Aug. 15, 2018 meeting
Council heard from no fewer than five delegations at its first meeting in about a month, in a session that ran from 10:00 a.m. to about 5:30 p.m.
“Why do you need a library system?”
First up was Linda Duplessis of the Peace Library System, bringing her annual report to council. The M.D. contributes $6.37 per capita to the PLS, and Duplessis is keen to make sure council knows what they’re getting for it.
“Why do you need a library system?” she rhetorically asked, getting right to the point.
Duplessis spoke about “four key areas” that the PLS helps its members in: building collections, tech support, resources and training and program support.
“We can do more if we work together,” she said.
Speaking of the inter-library loan system that the PLS facilitates, Duplessis said, “Tens of thousands of items are going back and forth across the province every day.”
Councillor Brad Pearson, who represents council on both the regional library board and the PLS, said, “It’s been a training ground for myself. I appreciate what PLS does for its members.”
Contretemps at the rodeo grounds
Devon Attfield of Smith was up next, “not representing a club,” he said, to ask some questions about the rodeo grounds at Smith. Who’s the leaseholder? Who’s the overseer? Who has the contract to look after it?
The M.D. was the answer to the first two questions. The third “is a grey area,” said M.D. CAO Allan Winarski.
Gaylene Haynes, the Smith Traildusters’ president, spoke up at that, saying it’s her understanding the Traildusters are responsible for looking after the rodeo grounds. That group has been gradually replacing wooden fences with pipe. But with three weeks to go before the fall fair, others, acting independently of the Traildusters, have torn down sections of fence, putting the rodeo in jeopardy.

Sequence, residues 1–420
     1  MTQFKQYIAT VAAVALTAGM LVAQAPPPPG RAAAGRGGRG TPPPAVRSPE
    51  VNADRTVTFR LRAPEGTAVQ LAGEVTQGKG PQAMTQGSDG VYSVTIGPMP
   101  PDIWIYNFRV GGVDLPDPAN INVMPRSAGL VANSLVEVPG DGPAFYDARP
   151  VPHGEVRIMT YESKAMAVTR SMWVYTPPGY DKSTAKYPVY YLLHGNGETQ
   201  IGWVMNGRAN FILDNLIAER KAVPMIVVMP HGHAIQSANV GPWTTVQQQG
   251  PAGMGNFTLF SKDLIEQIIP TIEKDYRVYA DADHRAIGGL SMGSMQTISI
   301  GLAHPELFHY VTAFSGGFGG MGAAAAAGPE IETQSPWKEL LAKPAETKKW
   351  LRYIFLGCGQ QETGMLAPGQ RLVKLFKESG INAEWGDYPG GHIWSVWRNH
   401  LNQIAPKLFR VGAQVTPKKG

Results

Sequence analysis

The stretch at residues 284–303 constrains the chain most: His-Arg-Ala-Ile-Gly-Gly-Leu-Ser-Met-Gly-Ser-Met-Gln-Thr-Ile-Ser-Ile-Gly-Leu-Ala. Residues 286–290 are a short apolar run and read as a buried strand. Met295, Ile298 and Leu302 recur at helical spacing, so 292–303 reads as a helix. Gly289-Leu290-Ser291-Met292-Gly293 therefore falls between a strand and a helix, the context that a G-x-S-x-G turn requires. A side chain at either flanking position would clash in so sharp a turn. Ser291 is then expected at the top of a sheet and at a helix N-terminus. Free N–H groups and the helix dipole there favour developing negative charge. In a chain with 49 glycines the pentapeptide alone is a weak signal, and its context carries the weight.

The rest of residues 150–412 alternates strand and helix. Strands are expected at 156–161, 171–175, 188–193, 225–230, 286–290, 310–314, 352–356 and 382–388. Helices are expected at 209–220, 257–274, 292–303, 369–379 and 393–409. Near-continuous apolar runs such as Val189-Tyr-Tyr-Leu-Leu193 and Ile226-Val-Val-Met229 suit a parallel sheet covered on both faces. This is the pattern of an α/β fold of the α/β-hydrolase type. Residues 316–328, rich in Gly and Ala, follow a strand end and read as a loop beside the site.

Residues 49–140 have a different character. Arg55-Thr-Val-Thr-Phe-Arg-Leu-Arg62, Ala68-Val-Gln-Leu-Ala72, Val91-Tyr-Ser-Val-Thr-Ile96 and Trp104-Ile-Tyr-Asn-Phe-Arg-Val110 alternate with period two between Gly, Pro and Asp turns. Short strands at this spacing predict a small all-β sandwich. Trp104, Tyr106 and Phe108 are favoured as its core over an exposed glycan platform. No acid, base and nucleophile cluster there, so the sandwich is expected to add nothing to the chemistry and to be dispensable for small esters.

“Now we’re in a bind,” Haynes said.
Attfield weighed in again.
“Who operates the grounds?” he asked.
Councillors agreed that as the owner, the M.D. has the authority and any work done on the grounds should be M.D.-approved.
“We have the liability,” said councillor Jeff Commins.
The main thing at the moment is to see that suitable fences are up for the rodeo on the Labour Day weekend. Various solutions have been proposed. Council urged the main players (Traildusters and SHARA) to work together in liaison with the M.D. to make sure that happens. In the meantime, the M.D. will be working on a policy for council’s approval.
Tax collection lags
Finance director Jason Warawa told council that the tax collection rate is usually at about 95 per cent by this time of year, but is more like 90 per cent. One reason is $500,000 outstanding from oil companies that usually pay, but haven’t yet this year.
“There’s a chance we won’t get paid,” he said.
Forest Management Agreement
The Big Three forest products companies visited council to speak about their joint forest management agreement renewal application. What they’d like, said their spokesman Con Dermott (of Vanderwell Contractors) is a letter of support from the M.D.
For background, Dermott advised council the three members’ facilities employ about 500 people, with another 400 or so seasonally in harvesting and hauling wood.
Councillor Robert Esau asked Dermott if the group feels its FMA renewal is in jeopardy.
“No,” said Dermott. “But we’re required to go to communities for support.”
No problem there.
“I don’t think there’s one of us that would disagree,” said reeve Murray Kerik.
Council voted unanimously in favour of a Sandra Melzer motion to provide a letter of support.
The other companies represented were West Fraser and Tolko.
Marten Beach flood aftermath
A delegation of Marten Beach residents turned out to inform council of what they’d been discussing in the way of flood mitigation and to offer to work with the M.D. on anything in that line. Clean-up of flood debris is one issue; another is flood mitigation and drainage. Randy Elm, the Marten Beach Cottagers’ Society (MBCS) President said the group had gone as far as getting a quote on engineering advice, which was $21,000.
“We’d really like to see some work done in Marten Beach,” said Randy Ross, the MBCS vice president. “We’d like to work with you – anything we can do to help.”
Reeve Murray Kerik thanked the group for its offer and suggested it might be a good time to apply for assistance, with a provincial election coming next year. He suggested a letter of support for the M.D.’s disaster relief application would help.
“If we play our cards right we can get something done,” he said. “We’ll add this to our lobbying efforts.”